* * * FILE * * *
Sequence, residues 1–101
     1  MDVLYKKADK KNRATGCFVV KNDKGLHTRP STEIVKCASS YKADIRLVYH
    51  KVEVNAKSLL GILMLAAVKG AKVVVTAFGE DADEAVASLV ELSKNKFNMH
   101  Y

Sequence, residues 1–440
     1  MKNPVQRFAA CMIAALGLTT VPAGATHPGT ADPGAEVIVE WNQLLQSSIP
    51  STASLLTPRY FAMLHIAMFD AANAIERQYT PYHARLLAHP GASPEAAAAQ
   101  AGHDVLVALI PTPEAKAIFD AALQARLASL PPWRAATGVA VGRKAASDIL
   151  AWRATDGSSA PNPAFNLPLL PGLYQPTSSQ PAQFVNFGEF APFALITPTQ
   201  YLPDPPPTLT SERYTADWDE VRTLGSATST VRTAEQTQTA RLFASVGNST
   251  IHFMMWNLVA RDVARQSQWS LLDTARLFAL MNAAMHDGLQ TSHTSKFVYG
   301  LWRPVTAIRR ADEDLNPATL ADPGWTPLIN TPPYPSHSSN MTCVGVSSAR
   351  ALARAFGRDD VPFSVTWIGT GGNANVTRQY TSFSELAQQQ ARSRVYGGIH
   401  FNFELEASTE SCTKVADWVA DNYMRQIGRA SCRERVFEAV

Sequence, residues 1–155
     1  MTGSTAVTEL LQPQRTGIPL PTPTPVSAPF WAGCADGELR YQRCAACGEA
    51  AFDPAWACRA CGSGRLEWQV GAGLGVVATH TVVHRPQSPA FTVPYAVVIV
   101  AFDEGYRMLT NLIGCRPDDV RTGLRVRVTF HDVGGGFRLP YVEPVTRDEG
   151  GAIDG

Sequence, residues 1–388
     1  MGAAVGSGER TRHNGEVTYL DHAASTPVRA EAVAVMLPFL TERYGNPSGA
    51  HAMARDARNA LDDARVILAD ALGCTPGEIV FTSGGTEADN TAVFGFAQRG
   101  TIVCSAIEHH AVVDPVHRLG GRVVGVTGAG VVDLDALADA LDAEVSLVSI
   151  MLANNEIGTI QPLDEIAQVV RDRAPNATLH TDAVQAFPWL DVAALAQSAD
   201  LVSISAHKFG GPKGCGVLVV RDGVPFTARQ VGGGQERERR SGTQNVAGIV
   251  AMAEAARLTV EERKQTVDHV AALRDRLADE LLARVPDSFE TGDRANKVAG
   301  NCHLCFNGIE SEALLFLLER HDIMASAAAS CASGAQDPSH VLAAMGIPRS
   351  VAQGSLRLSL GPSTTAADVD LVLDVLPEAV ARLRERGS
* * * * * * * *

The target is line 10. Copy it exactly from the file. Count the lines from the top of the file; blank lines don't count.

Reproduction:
   201  YLPDPPPTLT SERYTADWDE VRTLGSATST VRTAEQTQTA RLFASVGNST